SINGAPORE’s hot property market has been put on notice. For the second time in eight months, the central bank is warning of a bubble building up and cautioning developers, banks and home buyers to proceed with care.
Property observers say the warnings are a reality check that the government will step in if the market overheats.
The latest reminder came from Ravi Menon, Monetary Authority of Singapore (MAS) managing director, who noted the “euphoria” in the Singapore property market. In December, Mr Menon’s deputy, Ong Chong Tee, had warned of “excessive exuberance” in the property market as well as risks from rising land prices and a possible oversupply of housing stock.
Speaking at the MAS annual report media briefing on Wednesday, Mr Menon added that the MAS, the Ministry of National Development and the Ministry of Finance are closely monitoring developments in the residential property market and remain committed to ensuring a sustainable market.
Mr Menon urged developers to be cautious in their land bids, bearing in mind the supply that’s coming onstream, and also warned buyers. “We’re also telling individuals who purchase property to be careful. Interest rates are rising, be cautious of debt servicing burdens, avoid taking on too much leverage when buying a house,” he said.
“We’re also telling the banks to be careful when underwriting, there’s euphoria now, everything looks good.”
When underwriting, banks should also stress-test for future scenarios, Mr Menon said.
“Basically we’re sounding caution to everyone to be sober, balanced and exercise good judgement.” He added that the government is closely monitoring the market.
“We need to be mindful of the supply and demand dynamics and we have to ask ourselves whether demand will be able to match the big supply that’s coming onstream in the next few years,” said Mr Menon.
There has been aggressive bidding by developers both in en-bloc sale tenders and government land sales (GLS). This is expected to more than double the number of units available in the near term. If left unsold, this could result in a supply imbalance and weigh on the market, he said.
In the supply pipeline are around 20,000 units from GLS and en-bloc sites pending planning approval, on top of the 24,000 unsold units from projects with planning approval, according to the Urban Redevelopment Authority last month. In addition, more than 30,000 existing private housing units remain vacant.
Mr Menon noted that the Singapore property market has seen a resurgence in prices and transactions over the past year.
Prices of private housing have increased by 9.1 percent since the trough in Q2 2017. This has mostly offset the cumulative price decline of 11.6 percent during the four-year period between mid-2013 and mid-2017. Latest Urban Redevelopment Authority flash estimates on Monday showed that at the end of the second quarter, the URA’s overall private residential price index is just 3.6 percent below its last peak of Q3 2013.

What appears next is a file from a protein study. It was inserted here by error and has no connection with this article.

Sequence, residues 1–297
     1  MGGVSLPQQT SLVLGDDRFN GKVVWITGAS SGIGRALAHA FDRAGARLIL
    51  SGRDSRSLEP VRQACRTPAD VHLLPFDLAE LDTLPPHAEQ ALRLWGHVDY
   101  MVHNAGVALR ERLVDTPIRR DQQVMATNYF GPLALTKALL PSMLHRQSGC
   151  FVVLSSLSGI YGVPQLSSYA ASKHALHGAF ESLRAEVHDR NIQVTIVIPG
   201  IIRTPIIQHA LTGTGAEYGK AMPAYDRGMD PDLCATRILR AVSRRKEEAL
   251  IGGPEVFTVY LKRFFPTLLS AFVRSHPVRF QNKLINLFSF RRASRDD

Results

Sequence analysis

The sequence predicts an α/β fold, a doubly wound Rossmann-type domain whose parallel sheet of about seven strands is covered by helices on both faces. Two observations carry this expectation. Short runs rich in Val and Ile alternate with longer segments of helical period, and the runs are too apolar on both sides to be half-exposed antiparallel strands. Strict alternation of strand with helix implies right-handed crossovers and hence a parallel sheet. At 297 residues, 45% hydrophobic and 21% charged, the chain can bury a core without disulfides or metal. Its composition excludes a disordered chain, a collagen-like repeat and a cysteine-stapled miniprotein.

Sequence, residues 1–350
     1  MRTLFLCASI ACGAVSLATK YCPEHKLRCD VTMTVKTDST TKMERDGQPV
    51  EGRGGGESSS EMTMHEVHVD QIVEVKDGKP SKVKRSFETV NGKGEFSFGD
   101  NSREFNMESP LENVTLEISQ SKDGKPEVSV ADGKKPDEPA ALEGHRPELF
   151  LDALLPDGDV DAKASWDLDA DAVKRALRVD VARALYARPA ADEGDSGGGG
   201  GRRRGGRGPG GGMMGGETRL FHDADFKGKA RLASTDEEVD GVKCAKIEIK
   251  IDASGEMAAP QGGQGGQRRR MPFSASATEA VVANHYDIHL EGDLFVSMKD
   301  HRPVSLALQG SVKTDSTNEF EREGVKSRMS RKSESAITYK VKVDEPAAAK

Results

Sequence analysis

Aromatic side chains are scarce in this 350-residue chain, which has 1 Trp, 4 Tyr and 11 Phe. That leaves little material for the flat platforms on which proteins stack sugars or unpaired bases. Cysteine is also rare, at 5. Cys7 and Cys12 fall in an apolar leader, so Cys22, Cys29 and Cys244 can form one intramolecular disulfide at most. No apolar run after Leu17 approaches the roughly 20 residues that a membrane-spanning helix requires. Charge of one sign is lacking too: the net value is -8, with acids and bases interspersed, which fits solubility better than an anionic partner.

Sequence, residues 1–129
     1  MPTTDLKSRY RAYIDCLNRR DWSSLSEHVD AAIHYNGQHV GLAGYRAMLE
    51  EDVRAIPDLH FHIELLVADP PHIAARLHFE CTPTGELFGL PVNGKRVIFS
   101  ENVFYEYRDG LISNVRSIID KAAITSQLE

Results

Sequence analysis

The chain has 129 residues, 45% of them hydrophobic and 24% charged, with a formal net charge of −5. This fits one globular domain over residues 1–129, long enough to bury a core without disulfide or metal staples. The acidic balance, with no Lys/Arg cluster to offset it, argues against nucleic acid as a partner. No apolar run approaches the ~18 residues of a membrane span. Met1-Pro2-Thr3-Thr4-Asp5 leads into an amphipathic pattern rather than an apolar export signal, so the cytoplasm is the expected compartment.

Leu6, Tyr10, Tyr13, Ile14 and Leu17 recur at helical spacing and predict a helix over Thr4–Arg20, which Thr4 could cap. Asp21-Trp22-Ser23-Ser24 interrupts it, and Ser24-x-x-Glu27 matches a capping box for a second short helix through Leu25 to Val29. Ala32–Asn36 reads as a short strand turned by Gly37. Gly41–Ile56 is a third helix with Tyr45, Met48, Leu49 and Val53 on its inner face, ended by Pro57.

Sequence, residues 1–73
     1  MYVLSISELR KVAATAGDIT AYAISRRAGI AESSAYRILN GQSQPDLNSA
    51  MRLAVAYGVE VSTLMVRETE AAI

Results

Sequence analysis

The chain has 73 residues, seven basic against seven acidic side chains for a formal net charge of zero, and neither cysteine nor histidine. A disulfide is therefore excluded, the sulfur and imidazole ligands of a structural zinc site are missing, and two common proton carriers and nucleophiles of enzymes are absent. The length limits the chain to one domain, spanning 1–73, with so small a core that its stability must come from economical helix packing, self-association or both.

The number of property transactions over the last 12 months was around 25 percent higher than in the previous 12 months. New housing loans over the last 12 months have risen by 34 percent year-on-year.
“As I said, we welcome the recovery – why would anyone want the property market to continue sliding,” said Mr Menon. But “it needs to recover in line with economic fundamentals, not ahead of income growth.”
A rapid increase in prices also raises the risk of a destabilizing market correction later when additional supply comes on-stream, said the central bank chief.
To some market watchers, Mr Menon’s comments serve as a reminder that the government will introduce measures if the property market overheats, as it has done in the past, said Eugene Lim, ERA Realty Network key executive officer.
“The government’s key concern is the scale and pace of property price increase vis-a-vis economic and income growth. We are reminded that the government stands ready (to) make policy and regulatory changes in order to ensure a sustainable property market over the longer term,” he said.
Economist Selena Ling from OCBC Bank said there is the risk of developers paying more than what they can sell given their aggressive bidding.
“There’s a Chinese analogy referring to China’s property market where the flour can cost more than the bread,” said Ms Ling.
The current en-bloc fever has contributed to aggressive land bids by property developers which reflect their bullish outlook, she added.
While the near-term demand-supply dynamics still look supportive, a ramp up in launches can be anticipated by 4Q18 going into 2019, she said.
Coupled with rising short-term interest rates, there may be room for caution, especially in light of potential downside growth risks due to the escalation of US-China trade tensions that could spill over to trade-dependent economies like Singapore, said Ms Ling.